The Washington Post

Trust in transparen­cy

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The Sept. 6 news article “Kenyan Supreme Court affirms Ruto’s victory in close presidenti­al contest” reported on Kenya’s Supreme Court upholding the nation’s presidenti­al election results.

The Supreme Court worked transparen­tly, broadcast its hearings and delivered a unanimous and convincing ruling. As it did so, Kenyans remained calm and showed trust in the rule of law. Some were disappoint­ed with the judgment but respected the verdict and committed to a peaceful transition of power.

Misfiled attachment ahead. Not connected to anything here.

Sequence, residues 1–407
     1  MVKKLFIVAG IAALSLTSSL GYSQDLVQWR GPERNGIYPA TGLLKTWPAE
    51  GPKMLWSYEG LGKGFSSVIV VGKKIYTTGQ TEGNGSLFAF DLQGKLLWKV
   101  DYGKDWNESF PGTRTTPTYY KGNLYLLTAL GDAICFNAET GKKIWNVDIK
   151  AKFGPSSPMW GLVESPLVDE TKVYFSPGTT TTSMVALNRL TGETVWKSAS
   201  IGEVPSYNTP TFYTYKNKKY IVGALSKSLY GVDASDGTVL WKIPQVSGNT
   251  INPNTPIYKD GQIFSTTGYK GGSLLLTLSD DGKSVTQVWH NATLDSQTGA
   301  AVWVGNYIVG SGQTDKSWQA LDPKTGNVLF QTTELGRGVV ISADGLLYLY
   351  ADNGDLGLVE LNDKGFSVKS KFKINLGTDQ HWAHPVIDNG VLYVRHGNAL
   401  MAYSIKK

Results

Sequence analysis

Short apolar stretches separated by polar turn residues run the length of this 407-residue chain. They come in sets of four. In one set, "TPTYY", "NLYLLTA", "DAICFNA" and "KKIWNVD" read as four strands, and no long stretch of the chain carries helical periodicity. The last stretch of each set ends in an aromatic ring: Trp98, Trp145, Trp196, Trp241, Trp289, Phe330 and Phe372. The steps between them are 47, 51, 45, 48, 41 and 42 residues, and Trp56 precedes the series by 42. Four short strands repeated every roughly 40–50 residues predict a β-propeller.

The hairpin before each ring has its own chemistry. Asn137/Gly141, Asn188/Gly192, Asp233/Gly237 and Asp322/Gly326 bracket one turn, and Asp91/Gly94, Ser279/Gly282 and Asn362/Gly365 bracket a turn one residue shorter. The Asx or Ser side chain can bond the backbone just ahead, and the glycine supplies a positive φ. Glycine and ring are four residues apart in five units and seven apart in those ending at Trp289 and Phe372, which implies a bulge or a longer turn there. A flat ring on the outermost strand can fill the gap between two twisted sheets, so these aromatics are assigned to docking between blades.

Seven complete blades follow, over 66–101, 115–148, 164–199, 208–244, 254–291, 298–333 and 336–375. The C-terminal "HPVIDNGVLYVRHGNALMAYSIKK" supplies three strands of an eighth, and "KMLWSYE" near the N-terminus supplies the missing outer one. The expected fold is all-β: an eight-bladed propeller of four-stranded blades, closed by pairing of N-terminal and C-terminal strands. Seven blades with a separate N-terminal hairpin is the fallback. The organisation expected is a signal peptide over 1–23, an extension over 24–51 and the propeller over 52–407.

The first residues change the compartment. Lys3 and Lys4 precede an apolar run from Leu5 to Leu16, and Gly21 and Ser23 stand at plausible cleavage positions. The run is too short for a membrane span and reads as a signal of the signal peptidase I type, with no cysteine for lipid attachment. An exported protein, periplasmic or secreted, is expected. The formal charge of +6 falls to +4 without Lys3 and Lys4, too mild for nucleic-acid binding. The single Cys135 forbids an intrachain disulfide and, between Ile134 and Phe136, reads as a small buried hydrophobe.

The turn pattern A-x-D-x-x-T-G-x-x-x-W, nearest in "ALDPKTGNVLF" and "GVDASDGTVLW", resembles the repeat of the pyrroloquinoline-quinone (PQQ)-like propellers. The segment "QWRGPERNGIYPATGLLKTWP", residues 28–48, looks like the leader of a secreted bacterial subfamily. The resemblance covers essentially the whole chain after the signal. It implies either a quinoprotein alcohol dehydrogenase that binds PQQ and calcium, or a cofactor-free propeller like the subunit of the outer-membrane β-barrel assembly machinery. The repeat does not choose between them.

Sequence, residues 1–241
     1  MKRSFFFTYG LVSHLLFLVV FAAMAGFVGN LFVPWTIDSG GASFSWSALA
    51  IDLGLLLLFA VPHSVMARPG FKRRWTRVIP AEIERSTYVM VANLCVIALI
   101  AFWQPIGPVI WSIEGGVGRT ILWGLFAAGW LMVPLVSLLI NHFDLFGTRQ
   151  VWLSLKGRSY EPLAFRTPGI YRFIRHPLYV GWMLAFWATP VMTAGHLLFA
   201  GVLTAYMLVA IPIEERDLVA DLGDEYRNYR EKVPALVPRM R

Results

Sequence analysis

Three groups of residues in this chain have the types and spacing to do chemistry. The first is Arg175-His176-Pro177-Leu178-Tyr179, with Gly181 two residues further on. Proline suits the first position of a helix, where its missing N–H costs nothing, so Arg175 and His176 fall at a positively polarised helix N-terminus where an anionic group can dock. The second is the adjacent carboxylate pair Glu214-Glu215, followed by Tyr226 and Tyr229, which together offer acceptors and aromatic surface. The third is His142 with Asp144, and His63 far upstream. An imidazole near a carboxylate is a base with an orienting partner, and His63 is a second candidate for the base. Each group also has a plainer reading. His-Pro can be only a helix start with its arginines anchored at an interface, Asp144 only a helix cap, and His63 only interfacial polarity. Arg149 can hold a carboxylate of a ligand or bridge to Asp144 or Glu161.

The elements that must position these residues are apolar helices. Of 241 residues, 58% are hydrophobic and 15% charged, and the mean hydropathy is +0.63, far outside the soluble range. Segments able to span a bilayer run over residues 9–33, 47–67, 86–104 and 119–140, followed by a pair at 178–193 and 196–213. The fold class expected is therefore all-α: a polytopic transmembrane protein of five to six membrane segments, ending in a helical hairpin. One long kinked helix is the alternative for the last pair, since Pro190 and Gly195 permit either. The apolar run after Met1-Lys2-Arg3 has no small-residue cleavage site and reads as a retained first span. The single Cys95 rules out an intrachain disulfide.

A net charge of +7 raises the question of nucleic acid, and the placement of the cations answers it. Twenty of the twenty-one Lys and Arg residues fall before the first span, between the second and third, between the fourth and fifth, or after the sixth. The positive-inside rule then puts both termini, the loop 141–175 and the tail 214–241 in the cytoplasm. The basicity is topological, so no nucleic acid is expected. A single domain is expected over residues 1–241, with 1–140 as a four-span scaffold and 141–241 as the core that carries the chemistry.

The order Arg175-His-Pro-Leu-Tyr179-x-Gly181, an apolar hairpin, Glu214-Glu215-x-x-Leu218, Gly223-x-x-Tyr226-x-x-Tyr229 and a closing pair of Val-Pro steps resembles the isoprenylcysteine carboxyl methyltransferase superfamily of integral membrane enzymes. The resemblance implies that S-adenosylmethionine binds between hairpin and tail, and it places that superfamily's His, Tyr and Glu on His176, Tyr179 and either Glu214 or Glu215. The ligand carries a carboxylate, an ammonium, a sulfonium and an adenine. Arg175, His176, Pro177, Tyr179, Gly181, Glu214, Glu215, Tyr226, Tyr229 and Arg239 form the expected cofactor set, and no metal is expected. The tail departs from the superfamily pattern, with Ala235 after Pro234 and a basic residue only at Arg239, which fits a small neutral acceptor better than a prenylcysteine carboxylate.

Kenya affirmed itself as a resilient democracy. It emerged from these elections even stronger and showed it can be an example to other African nations and elsewhere.

Though many in the United States are concerned by legal challenges to election results, the courts’ involvemen­t greatly benefits democracy. It can remove voters’ doubts, remedy violations, increase trust and, when needed, invalidate flawed elections and defend the integrity of the electoral process.

Jurij Toplak, New York The writer is co-editor of “The Routledge

Handbook of Election Law” and has worked on election projects worldwide.

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